Stories, updates, insights, and original analysis from The Planetary Society.
Discover what causes a comet’s color and what it might be like to listen to one whiz by.
See the month’s coolest space pictures, see planets in the night sky, and create the future in space that you want to see.
Mars has storms of dust, while Saturn pours down ammonia rain. Here on Earth, we passed through a debris tail to get a special kind of shower.
Terminators abound this week in space, and we’ll be back to Mars if NASA gets the budget it needs.
An unusual lunar feature, Saturn’s shining rings, and Mars’ complex gullies.
Take a look at some of our favorite recent space images and learn about an express mission to Mars.
Astronomers around the world are working to protect the Earth from asteroid impacts, with the help of Planetary Society members and donors.
This week in space: Mars days almost match up with ours, and light and molecules are created by distant stars.
The real science of aliens, the policy implications of ET, and new views of worlds beyond our own.
Two new grant-winning projects, a collection of awesome space imagery, a mighty plume, and much more this week in space.
We’re always learning more about the worlds of the outer Solar System, and even those beyond.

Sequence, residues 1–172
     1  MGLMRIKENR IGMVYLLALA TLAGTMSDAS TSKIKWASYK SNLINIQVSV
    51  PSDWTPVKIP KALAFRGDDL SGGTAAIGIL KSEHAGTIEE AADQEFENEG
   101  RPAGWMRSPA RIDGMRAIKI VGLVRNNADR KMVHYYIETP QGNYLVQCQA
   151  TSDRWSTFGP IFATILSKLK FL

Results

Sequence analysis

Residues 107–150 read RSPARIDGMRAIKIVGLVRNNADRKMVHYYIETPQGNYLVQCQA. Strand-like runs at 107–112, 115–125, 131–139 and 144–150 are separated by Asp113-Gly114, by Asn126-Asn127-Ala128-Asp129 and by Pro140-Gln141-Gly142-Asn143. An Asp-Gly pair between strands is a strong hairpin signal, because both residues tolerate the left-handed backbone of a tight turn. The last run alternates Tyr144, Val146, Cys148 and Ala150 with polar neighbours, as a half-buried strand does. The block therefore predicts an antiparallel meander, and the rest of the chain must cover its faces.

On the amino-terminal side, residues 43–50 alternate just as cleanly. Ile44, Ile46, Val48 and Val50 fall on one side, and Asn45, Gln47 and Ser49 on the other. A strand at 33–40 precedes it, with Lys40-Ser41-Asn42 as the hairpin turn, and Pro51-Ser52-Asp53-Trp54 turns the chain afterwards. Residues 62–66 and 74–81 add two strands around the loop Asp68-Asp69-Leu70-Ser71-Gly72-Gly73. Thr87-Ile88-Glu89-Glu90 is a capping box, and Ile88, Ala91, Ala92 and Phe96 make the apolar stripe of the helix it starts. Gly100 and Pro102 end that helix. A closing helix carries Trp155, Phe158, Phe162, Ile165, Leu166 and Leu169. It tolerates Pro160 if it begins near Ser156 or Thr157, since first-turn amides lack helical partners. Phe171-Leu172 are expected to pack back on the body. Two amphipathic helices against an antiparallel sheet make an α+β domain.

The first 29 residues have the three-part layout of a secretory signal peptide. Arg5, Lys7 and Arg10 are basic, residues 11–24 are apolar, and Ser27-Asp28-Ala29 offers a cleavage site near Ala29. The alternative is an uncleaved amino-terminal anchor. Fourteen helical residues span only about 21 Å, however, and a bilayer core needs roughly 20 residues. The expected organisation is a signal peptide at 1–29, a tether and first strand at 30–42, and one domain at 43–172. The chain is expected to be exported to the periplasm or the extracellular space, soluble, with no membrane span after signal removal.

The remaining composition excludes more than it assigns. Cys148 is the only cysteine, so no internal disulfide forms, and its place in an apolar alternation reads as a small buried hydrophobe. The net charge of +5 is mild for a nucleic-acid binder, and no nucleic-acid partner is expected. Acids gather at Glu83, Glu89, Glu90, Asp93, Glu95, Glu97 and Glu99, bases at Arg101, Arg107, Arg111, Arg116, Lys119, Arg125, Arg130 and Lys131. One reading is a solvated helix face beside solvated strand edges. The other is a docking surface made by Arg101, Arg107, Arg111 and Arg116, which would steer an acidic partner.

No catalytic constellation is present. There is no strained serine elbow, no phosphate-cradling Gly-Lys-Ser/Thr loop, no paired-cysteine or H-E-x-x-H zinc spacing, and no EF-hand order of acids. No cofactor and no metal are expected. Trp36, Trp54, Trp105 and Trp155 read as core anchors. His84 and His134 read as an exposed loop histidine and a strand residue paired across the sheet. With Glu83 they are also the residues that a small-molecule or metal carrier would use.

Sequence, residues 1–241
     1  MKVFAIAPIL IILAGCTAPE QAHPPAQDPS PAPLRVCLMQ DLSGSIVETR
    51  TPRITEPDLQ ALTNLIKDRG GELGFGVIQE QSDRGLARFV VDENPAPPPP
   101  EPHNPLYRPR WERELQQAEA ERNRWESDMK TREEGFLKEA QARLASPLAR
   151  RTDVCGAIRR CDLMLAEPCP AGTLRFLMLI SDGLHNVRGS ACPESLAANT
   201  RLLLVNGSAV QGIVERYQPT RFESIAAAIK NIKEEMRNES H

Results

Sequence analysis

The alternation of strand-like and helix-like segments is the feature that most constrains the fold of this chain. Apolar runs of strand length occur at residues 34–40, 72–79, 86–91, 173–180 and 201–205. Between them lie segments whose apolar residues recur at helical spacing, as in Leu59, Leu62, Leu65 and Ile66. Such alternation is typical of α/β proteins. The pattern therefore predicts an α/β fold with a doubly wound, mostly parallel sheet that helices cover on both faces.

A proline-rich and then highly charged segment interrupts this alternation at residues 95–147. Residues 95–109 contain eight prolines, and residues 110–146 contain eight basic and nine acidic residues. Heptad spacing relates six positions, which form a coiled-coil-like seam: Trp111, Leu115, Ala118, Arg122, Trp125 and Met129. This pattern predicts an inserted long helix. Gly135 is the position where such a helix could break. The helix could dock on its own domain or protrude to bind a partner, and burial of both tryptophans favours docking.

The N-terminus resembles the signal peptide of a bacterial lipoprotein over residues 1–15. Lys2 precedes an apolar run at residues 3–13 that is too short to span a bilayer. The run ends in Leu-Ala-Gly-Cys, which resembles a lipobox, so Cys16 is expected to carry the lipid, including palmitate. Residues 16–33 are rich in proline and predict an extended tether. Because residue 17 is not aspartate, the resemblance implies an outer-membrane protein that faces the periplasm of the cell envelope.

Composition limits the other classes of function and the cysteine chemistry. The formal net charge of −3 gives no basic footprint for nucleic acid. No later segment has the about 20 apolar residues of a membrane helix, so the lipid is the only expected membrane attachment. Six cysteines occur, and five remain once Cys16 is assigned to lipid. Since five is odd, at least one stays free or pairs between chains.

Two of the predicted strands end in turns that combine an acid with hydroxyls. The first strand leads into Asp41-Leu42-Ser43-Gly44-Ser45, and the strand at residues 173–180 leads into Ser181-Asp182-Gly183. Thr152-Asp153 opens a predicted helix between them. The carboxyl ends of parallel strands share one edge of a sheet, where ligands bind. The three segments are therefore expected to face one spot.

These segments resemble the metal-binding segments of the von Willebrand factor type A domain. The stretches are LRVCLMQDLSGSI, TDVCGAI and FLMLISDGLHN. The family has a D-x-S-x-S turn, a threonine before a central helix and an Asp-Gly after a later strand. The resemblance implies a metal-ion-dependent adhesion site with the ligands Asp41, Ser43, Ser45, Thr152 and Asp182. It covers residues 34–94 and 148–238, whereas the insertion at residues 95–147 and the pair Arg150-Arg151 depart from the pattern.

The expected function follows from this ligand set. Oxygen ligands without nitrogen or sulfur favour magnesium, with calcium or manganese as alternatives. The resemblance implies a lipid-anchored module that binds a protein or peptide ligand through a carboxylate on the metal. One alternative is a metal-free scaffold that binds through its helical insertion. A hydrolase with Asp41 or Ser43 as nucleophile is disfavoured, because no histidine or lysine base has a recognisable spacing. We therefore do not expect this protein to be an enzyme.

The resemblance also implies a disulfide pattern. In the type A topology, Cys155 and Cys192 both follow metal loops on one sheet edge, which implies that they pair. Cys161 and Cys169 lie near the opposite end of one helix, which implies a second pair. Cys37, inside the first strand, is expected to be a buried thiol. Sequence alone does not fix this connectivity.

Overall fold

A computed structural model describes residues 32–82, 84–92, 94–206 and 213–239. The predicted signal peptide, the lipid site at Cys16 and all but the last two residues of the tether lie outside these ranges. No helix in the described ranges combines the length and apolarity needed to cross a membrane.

Whether they’re dedicated to it or not, planetary missions can get beautiful and informative glimpses at distant moons. And who’s the evil twin: Venus or Earth?
The Soyuz spacecraft have been helping humans get to and from space for decades, but that’s nothing compared to the billions of years that microorganisms have been making life on Earth possible.
The Moon casts shadows on itself and on Earth, environmental concerns overshadow a test launch’s success, and exoplanets are awesome (beyond a shadow of a doubt).
Flying on Titan is easy, but not as easy as flying on Deimos. Plus, Juice takes off and Ingenuity captures a view from the air.
Meet the Solar System’s five official dwarf planets, celebrate two major launches, and find out why planets sometimes seem to go backwards across the sky.
Detailed Mars maps, insights into the Venusian surface, and views of Uranian rings all have one thing in common: they don’t happen without public support for space.
VERITAS would peer through Venus’ clouds to study its surface like never before, but it needs your help.
A planet shows its pole, another shows possible volcanic activity, and the Moon keeps surprising us with more water.
New discoveries from Ryugu, material heading our way from Bennu, and anticipation for a mission to Psyche.